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Will Boris’ Brexit gamble pay off?

Crikey readers on Boris Johnson, hydrogen energy and media monopolies.

Boris Johnson
(Image: AAP/David Crosling)

Guy Rundle wrote yesterday that UK PM Boris Johnson’s plan to prorogue parliament was breathtakingly risky. Crikey readers were inclined to agree, but pointed out that if the (many) dangers can be avoided, the payoff could be huge for Johnson and the Conservative Party. Elsewhere, readers discussed the possibility of Australia’s hydrogen-powered future, and hacked into the country’s media monopolies.

On Boris’ Brexit gamble

Charles Richardson writes: “… If the Commons votes up a ‘humble petition’ … to ask the Queen to annul her own prorogation…” Well, yes, they can, but they don’t have to stop at petitioning. They can legislate to annul the prorogation before it takes effect, or abolish the power of prorogation altogether. Parliamentary sovereignty: if Johnson’s opponents really do have a solid majority (which is yet to be tested, but looks pretty good), they can do absolutely anything. And if they have to, they can do it quickly; there’s nothing to stop them putting a bill through all stages in an afternoon. If they don’t, it’ll be a lack of nerve, not lack of power.

Christopher Armstrong writes: This could work to Boris’ advantage. He’s spared the UK the embarrassment of another parliamentary session where the country’s leaders tear themselves apart without reaching an agreement on Brexit. Except maybe to delay it further. To those on the street, the whole thing looks like elite posturing instead of a realistic post-Brexit plan. It should have been remain, but the left will get no mileage arguing arcane constitutional arguments in favour of a prolonging debate the public are tired with.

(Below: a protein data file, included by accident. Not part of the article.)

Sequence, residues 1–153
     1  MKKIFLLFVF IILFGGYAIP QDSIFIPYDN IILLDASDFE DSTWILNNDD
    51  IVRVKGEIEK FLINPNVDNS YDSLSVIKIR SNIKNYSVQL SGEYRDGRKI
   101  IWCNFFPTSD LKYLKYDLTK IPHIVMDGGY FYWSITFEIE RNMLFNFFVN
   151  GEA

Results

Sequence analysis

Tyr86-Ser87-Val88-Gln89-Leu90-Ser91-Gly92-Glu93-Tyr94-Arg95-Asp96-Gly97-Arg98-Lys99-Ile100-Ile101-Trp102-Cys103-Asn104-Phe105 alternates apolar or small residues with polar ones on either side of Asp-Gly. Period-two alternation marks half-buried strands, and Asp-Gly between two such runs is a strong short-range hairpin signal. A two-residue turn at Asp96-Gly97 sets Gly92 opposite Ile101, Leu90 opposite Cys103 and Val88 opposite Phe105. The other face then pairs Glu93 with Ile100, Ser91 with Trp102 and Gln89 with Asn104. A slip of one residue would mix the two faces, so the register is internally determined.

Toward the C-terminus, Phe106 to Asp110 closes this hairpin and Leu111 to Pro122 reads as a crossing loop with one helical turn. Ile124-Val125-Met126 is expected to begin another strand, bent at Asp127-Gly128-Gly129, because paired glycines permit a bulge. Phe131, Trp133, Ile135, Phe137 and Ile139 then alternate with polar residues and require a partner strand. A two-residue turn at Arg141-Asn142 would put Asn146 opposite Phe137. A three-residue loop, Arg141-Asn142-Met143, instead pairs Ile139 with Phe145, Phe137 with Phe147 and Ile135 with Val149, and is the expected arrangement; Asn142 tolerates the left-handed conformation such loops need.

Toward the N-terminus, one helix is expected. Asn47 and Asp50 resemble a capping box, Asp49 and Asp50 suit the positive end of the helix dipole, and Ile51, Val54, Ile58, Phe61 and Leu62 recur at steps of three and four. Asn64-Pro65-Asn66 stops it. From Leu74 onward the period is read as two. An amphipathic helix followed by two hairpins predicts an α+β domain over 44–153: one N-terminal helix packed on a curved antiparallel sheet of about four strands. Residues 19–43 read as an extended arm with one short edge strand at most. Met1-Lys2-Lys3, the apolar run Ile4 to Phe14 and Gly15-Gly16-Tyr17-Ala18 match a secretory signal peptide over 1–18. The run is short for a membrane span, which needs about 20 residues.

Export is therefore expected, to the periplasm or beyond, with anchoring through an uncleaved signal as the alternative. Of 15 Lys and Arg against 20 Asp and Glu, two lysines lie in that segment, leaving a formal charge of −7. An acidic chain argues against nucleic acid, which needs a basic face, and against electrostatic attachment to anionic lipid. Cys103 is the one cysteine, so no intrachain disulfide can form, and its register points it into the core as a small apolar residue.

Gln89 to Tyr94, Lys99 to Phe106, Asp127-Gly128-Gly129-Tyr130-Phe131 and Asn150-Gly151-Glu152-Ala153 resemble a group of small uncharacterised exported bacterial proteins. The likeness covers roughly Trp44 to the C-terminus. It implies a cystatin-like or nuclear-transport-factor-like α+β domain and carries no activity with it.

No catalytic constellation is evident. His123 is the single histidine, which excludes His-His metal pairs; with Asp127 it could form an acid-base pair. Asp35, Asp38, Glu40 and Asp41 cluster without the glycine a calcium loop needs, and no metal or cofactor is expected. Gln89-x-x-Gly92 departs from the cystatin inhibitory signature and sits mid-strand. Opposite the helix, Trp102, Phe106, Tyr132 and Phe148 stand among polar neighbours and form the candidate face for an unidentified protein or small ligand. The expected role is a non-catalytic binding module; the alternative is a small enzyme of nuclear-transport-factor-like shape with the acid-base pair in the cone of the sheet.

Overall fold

On a hydrogen future

Mark Dunstone writes: What’s really disappointing is the lack of Australian industry supplying innovative new carbon replacing products for households, as opposed to pie-in-the-sky-big industry projects. For example, my solar panels and lithium batteries are Chinese; my solar powered reverse osmosis water maker from the USA. And there is a huge unfulfilled household market for low carbon domestic cooking and space heating/cooling for those of us who would like to quit the environmentally and politically dangerous dependence on big energy networks.

Mark E Smith writes: The various non-fossil energy storage and transport processes may well succeed fossil fuels in time but time is what we don’t have. We need an all-encompassing carbon tax now. This includes an imputed price on fossil energy sourced imports. Just the suggestion could cause Barnaby to explode. Imagine that.

Roger Clifton writes: Hydrogen production is potentially the essential intermittent consumer for wind’s intermittent supply. In the 1970s, hydrogen was found to be difficult or dangerous to pipe, store, compress, liquefy, combust or react with other chemicals. However it remained attractive as a short-term, intermediate storage of energy, better than any storage of electricity. Intermittently topping up a temporary store (such as a gasometer), it could then be used as a steady supply for a downstream process.

On media monopolies

Malcolm Burr writes: What about Brisbane and the “Courier Wail” (I use that name advisedly). We have to endure anti-Labor diatribes ad nauseum, with no way of refuting their bile. What is one to do? Cancel my subscription? It’s not an option for me as I am 80 and like to keep up with the obituary column to make sure I’m not in it.

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Peter Fray

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